Athletes in most sports try to alternate hard workouts on one day and easier recovery workouts on the next. The faster their muscles recover, the greater their improvement from their sports training. The key to athletic training is to speed up your recovery so you can take your next intense workout. The banned performance-enhancing drugs called anabolic steroids improve athletic performance by helping athletes' muscles recover much faster from hard workouts.
How Muscles Become Stronger
Muscles are made up of thousands of fibers just as a rope is made of threads. Each fiber is made up of blocks called sarcomeres joined end to end at the Z-lines like a line of bricks. Muscles contract only at each Z-line, not along the entire length of a fiber. See the illustration.
Intense workouts cause muscle damage, which can be seen as bleeding into the muscles themselves and disruption of the Z bands that hold the muscle sarcomeres together. Significant increases in muscle strength and size come only with workouts intense enough to break down muscle Z-lines. When muscles heal they become stronger and larger.
The faster you move on your hard days, the faster you can move in competition. However, continuing intense exercise when muscles feel sore can cause injuries and an over-training syndrome that can take weeks or months for recovery.
Training to Get Better
Most athletes in endurance and strength sports exercise on their recovery days and do not plan to take days off. However, on recovery days, they work at a markedly reduced intensity to put minimal pressure on their muscles. If you develop pain anywhere that gets worse as you continue exercising, you are supposed to stop for that day. Active recoveries on easy days at low intensity make muscles tougher and more fibrous so the athlete's muscles can withstand harder intense workouts on intense days.
Almost all top runners, cyclists and weight lifters do huge volumes of work, and most of it is on their less-intense recovery days. The stresses of intense workouts are extreme; the recoveries take a long time and are done at low pressure on the muscles. Top endurance runners run more than 100 miles per week, cyclists do more than 300 miles per week and weight lifters spend hours each day in the gym.
Research data comparing active and passive recovery are scant. I am amazed at how few quality studies are available to answer this question. New training methods are developed by athletes and coaches. Then when these athletes win competitions, scientists do studies to show why the new training methods are more effective.
One study showed that runners recover faster by taking a relaxed swimming workout 10 hours after high-intensity interval running, rather than just resting (International Journal of Sports Medicine, January 2010). In another study, runners recovered strength and power faster after a marathon by resting for five days compared to those who ran slowly (Journal of Applied Physiology, December 1984).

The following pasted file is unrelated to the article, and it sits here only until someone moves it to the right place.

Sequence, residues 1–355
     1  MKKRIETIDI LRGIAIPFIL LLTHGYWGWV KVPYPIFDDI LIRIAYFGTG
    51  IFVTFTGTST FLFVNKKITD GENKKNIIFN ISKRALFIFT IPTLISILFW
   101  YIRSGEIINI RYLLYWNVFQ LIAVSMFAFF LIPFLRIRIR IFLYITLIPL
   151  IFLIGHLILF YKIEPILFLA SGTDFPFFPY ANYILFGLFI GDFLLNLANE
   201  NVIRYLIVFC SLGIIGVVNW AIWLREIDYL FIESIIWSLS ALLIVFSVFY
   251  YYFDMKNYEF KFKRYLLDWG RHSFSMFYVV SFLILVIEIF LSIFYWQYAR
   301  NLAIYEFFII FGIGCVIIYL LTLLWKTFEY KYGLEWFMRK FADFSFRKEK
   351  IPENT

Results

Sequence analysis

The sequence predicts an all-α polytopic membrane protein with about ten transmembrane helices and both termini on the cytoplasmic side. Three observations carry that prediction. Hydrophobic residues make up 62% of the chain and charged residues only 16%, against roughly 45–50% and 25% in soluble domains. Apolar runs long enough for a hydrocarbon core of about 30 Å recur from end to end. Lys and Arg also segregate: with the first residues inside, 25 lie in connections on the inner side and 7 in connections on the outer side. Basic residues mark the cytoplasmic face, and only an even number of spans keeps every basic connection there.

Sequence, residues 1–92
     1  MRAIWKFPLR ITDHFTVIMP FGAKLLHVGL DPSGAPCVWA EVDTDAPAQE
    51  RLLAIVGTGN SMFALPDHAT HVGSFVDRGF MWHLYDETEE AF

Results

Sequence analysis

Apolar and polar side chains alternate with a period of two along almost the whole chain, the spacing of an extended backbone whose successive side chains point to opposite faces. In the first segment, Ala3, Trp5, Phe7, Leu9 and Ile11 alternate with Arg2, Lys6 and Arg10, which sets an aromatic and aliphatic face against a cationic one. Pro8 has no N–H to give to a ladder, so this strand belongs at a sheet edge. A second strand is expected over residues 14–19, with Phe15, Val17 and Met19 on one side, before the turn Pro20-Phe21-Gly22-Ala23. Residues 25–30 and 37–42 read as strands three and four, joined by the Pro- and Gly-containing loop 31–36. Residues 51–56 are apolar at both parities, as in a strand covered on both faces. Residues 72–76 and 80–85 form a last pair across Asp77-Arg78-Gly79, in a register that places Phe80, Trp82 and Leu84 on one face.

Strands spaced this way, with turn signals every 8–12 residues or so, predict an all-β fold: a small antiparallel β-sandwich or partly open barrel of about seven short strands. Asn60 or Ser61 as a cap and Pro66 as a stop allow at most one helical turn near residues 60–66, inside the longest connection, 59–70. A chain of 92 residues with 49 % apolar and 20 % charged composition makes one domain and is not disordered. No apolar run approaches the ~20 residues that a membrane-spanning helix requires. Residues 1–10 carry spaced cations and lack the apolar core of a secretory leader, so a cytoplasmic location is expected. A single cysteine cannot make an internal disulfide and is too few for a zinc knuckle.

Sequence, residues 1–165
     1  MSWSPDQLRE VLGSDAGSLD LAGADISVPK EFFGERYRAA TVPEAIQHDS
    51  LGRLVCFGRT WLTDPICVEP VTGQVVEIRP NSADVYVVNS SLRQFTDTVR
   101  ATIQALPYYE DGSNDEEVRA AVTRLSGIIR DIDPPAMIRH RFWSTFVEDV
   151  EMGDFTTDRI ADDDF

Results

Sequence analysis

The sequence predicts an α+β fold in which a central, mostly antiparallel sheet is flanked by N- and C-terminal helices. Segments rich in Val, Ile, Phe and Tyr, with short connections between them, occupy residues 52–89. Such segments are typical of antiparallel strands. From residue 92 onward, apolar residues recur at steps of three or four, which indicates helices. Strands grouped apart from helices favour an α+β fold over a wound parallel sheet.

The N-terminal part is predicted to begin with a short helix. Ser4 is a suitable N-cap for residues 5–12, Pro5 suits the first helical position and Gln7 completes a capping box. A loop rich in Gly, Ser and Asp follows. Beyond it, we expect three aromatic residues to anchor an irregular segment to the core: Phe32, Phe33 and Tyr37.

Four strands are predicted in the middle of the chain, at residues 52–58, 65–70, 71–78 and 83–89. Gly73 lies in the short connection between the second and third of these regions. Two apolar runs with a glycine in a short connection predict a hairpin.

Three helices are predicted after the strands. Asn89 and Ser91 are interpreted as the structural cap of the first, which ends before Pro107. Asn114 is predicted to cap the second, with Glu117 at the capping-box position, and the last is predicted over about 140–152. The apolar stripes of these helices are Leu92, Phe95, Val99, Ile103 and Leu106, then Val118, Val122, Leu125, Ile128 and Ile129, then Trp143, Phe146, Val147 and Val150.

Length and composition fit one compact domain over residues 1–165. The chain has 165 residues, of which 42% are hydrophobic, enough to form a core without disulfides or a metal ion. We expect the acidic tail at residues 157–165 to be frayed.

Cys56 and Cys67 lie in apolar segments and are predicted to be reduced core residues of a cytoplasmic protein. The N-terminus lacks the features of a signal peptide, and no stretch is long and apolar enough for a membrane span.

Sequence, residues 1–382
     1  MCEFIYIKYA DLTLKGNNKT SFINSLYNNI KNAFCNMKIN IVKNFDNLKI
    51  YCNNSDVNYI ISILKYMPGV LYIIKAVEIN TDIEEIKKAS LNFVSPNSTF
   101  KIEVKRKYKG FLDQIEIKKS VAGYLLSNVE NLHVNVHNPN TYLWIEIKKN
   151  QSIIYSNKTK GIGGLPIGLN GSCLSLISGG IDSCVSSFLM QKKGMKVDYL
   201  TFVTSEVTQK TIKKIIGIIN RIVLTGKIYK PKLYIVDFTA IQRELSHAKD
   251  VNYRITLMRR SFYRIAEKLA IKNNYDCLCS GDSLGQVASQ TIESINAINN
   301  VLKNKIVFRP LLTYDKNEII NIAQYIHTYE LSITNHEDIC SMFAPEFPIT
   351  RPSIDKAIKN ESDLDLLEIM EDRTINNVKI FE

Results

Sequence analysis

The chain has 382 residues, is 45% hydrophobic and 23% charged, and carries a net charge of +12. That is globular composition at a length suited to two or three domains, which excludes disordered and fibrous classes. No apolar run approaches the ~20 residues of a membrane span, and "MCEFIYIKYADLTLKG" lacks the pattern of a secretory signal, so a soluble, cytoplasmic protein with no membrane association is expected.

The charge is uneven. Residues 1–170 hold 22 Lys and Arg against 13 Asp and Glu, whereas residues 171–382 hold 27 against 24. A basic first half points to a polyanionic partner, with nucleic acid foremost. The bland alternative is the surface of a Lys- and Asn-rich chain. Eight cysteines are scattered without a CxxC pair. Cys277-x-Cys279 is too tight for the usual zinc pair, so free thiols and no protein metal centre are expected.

Active recovery should be of limited intensity that does not interfere with the healing process. A one-hour recovery ride is more effective than a three-hour recovery ride after 13 days of intense bicycle training. Those who rode for three hours on their four recovery days had much lower maximal heart rates and maximal lactic acid blood levels, lower power output and slower 30-minute time trials (Scandinavian Journal of Medicine & Science in Sports, June 2009).
Recover Faster by Sleeping and Eating
Athletes in intense training recover faster by getting off their feet after they finish their hard workouts and not even walking until it is time for the next day's recovery workout. You recover faster by sleeping immediately after an intense workout or race.
Eating a high-carbohydrate meal within one hour of intense workouts hastens recovery as well (Journal of Sports Sciences, January 2004). Adding protein to that meal hastens recovery even more (Sports Science Exchange, 87:15, 2002; Physiologie Appliquée, Nutrition et Métabolisme, February 2008). Adding salt and drinking lots of fluids are also necessary for a faster recovery (Journal of Sports Sciences, January 2004).
Within one hour after your intense workouts, eat fruits, vegetables and grains (for carbohydrates) and seafood, beans or nuts (for protein), eat enough salt to replace what you have lost and drink plenty of fluids (Can J Appl Physiol, 2001;26 Suppl:S236-45). As long as the post-intense-exercise meal contains lots of protein and carbohydrates, it doesn't matter what you eat (Am J Clin Nutr, Jan 2017; Med Sci Sports Exerc, Oct 2008;40(10):1789-94). Fast foods such as french fries, hash browns and hamburgers helped athletes recover just as quickly from hard workouts as sports nutrition products such as Gatorade, PowerBars or Clif Bars (International Journal of Sport Nutrition and Exercise Metabolism, March 26, 2015).
Why You Need Protein as Well as Carbohydrates after Intense Workouts
The soreness that you feel 8 to 24 hours after an intense workout is caused by a tearing of the muscle fibers at their Z-lines. The fastest way to get muscles to heal is to have your body produce lots of insulin and also provide a supply of protein to repair the damaged tissue. We have known for a long time that insulin drives sugar into cells to be used for energy.